You know those startup buzzwords you have on your website that sound great when you’re at a startup conference or pitching to investors? They confuse the hell out of ordinary people. Your solution-orientated MVP with its unique value proposition that combines UCD and social engagement principles to encapsulate viral potential is basically shouting “hipster, nerd, alienation” in giant red angry letters.
This is really what customers hear when you speak startup jargon!
Everything is Solution Orientated (unless it’s made by idiots)
Customers come to you for something beneficial, so of course your product is “solution orientated”. If it isn’t, it’s not really a product for a customer, is it? The very fact you have to point it out as a feature in your copy puts that in doubt. It’s not a feature, it’s a given!
Working to solve a customer’s problem doesn’t need to be stated more than the actual problem you are solving. I hate to be incredibly plain about this but there is not one universal problem and therefore there is not one universal solution-orientated response.
Nor do people Google or put call outs on their social media asking for “a solution orientated answer to my problem of getting lost”. Instead, we usually write “GPS app for iPhone” or “I have the sense of direction of a drunk pirate. Does anyone have an iPhone App they can recommend?”
Share what your product does and what it is a solution to instead. That’s what people care about and it’s what they look for online.
Unless you’re a football coach, lose the MVP
Minimum viable product is great for nerds and geeks to understand it may not be the full feature set yet. It shows you have big plans for your little idea, but needed to ship something out to see how things could go first. We know that’s smart thinking. That’s why it’s accepted and understood startup jargon.
To a customer however, this sounds like it’s barely going to do the job. Or it’s a football player who got an end of season trophy. MVP isn’t what people use in their everyday life and the phrase that has been chosen really only inspires happiness in those in the know.
When you slap MVP (or beta too), the non early adopters will wonder if it works properly or if you’ll be around to add any additional levels. It really does smell of the “we’re just testing right now, come back when we’re done” vibe. For most people, this isn’t enough incentive to give it a try.
There are a million other ways you can explain this.
Take it back to basics and use things like “stage one” or “first release”. Make it “version 1.0”. Call it your demo if that’s what it is. Prime it as a foundation for a larger idea you have- unless of course you are only talking to investors, early adopters and other geeks for testing purposes.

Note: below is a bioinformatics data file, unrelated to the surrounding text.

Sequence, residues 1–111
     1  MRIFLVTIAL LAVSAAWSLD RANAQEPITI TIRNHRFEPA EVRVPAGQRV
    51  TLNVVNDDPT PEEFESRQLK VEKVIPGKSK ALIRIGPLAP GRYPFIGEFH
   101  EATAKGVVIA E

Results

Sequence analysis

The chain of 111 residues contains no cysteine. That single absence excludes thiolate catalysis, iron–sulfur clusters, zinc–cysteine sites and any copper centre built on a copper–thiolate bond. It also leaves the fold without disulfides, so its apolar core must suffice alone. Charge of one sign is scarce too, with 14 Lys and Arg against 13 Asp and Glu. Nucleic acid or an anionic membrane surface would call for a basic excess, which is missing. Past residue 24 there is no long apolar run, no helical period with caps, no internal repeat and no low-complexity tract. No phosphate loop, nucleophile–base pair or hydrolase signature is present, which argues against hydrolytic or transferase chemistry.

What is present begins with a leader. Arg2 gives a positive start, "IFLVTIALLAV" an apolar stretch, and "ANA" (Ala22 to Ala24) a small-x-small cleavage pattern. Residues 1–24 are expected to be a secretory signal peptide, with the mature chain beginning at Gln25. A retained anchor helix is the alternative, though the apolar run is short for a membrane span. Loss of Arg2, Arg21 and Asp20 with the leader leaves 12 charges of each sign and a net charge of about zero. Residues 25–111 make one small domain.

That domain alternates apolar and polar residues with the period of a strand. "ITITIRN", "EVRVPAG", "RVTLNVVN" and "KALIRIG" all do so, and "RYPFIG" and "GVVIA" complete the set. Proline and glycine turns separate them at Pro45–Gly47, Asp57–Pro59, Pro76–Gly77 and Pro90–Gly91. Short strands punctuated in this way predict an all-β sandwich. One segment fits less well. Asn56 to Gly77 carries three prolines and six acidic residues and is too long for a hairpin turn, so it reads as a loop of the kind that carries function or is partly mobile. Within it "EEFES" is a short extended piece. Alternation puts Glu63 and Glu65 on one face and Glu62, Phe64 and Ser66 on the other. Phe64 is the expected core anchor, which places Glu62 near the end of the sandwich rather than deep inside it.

If it’s a consumer facing MVP, make it sound like the beginning of something that will grow, not the thing you cobbled together to see if the idea could kind of work.
Be honest that you haven’t quite nailed things yet, sure, but in a language customers actually speak.
The special kind of gibberish that is the unique value proposition
Unique value proposition implies you are a one of a kind, special thing that adds value. It’s the kind of startup jargon that is accompanied by horns blowing in the background and heralding a change in an era. But are you really?
I mean, spades a spade. There are very few things in life that can really wear the tag of unique. Most of what we do is a replication, adaptation or amalgam of an already existing idea.
I know it sucks because the word unique is very understandable, but so was gourmet- and look how that’s turned out. Stop molesting it, please.
Value, oh value, don’t the marketing kids love you? Back to the solution orientated startup jargon, value is implied right? Value is what ALL products give to people. Because you’re either making my life easier, or your saving me some money or giving back some time, which adds value. If you aren’t adding value to someone’s life, what’s the point of your product? Talk about stating the blindingly obvious.
Proposition is also a little naff when you take it out and hold it against the light. You should be beyond the idea of “proposing” something to a consumer if you are asking them to pony up some dough and take an interest in you. You should be handing them something a lot more concrete.
When you hold up UVP against the cold light of day, it really doesn’t say much to anyone who will use your product, so save it for the elevator pitch.
User Centred Design is hipster for “we over think this. A lot”
UCD or user centred design is a gorgeous concept whereby designers build around human beings when designing websites and Apps. Taking feedback from people, creating personas, learning from data and then building a website is smart.
But the thing is, (and I am going to be painfully obvious with this), if it’s designed by a human for a human need, its user centred design… because all websites are designed for users on some level. It’s just some design without making a massive deal out of it, and others do.